Welcome to the exciting world of ecommerce! It’s a wonderful place where unidentified clients and vendors meet together to exchange goods, services, and of course, currency. Unless you don’t have a merchant internet account; then you can’t exchange currency online. For those with small businesses, particularly those with internet store fronts, getting a merchant account setup online couldn’t be easier. But before you march on over to the computer and sign up for a merchant account with the first entry in your Google search results, take some time to do a little research first.
Find a Reputable Vendor
The ecommerce boom has turned a lot of individuals into small business owners. It has changed the way many consumers make purchases, making shopping nearly effortless. It has also changed the way dishonest people take advantage of others. There were reportedly 500,000 ecommerce websites in the United States in February 2012. With that many websites aimed at selling goods or services to shoppers there has to be a way for the business owners to collect money online, and it comes in the form of a merchant internet account.
Before choosing a vendor to do business with, however, take some time to read independent customer reviews, contact the Better Business Bureau, and conduct a thorough investigation before settling on a merchant internet account provider. As ecommerce websites have cropped up so have fictitious vendors that would have you believe they can provide merchant services for your company. Some businesses have the misfortune of finding out too late just who they were really dealing with. Signing up for an account with PayPal, Google, or another reputable company will ensure that you won’t get taken by a clan of swindling hoodlums.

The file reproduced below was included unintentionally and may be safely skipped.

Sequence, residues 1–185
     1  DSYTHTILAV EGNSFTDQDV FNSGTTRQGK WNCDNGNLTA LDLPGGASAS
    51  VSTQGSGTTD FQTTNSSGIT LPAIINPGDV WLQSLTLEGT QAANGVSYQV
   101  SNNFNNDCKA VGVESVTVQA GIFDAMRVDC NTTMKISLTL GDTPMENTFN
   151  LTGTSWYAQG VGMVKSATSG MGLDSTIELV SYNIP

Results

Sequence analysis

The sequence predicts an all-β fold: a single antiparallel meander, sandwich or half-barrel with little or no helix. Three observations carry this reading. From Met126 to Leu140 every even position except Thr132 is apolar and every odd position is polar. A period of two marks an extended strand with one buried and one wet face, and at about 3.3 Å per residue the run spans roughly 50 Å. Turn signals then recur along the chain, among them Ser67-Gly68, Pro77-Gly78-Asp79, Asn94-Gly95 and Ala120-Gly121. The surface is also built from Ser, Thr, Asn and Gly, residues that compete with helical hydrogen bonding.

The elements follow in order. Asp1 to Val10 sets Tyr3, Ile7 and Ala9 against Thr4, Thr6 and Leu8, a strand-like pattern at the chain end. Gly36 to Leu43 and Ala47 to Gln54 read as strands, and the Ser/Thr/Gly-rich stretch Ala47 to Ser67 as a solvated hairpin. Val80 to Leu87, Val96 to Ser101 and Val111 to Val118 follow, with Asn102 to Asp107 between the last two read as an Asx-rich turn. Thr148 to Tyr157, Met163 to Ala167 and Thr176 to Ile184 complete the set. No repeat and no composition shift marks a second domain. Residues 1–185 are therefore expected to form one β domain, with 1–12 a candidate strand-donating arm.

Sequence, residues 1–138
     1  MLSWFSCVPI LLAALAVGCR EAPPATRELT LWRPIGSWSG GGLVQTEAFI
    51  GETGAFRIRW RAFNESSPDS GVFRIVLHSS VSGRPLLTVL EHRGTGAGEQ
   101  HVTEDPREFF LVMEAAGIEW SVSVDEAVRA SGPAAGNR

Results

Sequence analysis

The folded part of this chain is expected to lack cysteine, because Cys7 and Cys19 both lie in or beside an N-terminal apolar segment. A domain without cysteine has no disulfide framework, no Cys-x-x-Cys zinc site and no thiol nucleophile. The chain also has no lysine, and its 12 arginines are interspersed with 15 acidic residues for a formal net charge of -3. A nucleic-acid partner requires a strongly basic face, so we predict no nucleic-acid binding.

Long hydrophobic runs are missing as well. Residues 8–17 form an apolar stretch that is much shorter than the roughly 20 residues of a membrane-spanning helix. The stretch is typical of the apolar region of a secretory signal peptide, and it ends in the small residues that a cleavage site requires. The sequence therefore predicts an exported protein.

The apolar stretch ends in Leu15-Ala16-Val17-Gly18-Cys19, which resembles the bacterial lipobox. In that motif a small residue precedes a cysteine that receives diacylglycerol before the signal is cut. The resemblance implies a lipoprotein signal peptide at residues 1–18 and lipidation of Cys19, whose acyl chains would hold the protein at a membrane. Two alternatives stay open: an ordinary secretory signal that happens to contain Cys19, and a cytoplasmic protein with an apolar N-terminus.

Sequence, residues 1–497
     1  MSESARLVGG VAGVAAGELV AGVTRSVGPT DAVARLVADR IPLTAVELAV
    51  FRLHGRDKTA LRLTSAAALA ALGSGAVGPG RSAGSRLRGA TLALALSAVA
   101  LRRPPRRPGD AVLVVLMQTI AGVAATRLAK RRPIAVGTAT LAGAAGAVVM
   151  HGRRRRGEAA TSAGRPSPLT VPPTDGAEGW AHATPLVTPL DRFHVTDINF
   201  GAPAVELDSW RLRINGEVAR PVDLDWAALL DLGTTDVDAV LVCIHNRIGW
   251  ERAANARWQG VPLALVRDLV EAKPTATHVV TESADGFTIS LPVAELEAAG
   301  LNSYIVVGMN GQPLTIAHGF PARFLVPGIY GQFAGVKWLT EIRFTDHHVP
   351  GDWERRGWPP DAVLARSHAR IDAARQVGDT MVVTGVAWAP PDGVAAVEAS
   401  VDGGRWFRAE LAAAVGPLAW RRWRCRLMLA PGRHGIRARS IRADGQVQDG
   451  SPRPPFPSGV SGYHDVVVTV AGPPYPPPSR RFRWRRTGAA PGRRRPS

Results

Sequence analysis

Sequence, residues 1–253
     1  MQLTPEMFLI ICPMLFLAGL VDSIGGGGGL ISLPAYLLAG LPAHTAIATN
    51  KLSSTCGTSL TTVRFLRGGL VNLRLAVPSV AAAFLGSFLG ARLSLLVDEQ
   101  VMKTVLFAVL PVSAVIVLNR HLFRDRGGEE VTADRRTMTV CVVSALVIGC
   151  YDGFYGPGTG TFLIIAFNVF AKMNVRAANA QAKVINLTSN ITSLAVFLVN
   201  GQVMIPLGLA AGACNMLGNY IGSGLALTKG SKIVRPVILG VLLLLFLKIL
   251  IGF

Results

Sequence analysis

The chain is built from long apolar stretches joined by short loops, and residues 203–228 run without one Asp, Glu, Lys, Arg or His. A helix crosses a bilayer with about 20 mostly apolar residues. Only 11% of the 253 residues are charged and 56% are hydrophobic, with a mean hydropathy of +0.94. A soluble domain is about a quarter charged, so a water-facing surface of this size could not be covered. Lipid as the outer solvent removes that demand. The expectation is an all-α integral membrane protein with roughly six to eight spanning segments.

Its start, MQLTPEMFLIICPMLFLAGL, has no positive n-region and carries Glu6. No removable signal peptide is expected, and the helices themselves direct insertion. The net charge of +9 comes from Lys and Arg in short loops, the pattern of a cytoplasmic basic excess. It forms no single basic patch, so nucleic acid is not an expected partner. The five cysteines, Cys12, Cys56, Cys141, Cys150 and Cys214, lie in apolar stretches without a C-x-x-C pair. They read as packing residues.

Complete the Application
No, a merchant account is not the same as a bank account. There are some similarities that exist between a business checking account and a merchant account, but in reality they are two separate animals entirely. A merchant account requires an application and underwriting, and not all applicants are fortunate enough to get approved the first time around. It’s not uncommon for banks and other financial institutions to conduct a pretty extensive background check in order to determine the cash position of your company. This enables them to decide whether or not to open a merchant account in the name of your business. Some vendors require a fee just to submit the application and get started with the background investigation. If your company does get approved there may also be fees associated with underwriting.
To remain competitive in the industry, however, there are many vendors that offer free applications and underwriting. Don’t mistake this as a fraudulent company trying to buy its way into your business. It’s not that that can’t happen, but there are plenty of honest vendors out there that waive the application and underwriting fees so they can compete with other vendors that are in the same business.
There are several items on the application that are standard questions. It may ask you to produce the following information:
• Company name
• Tax ID number
• Principle owner’s name
• Mailing address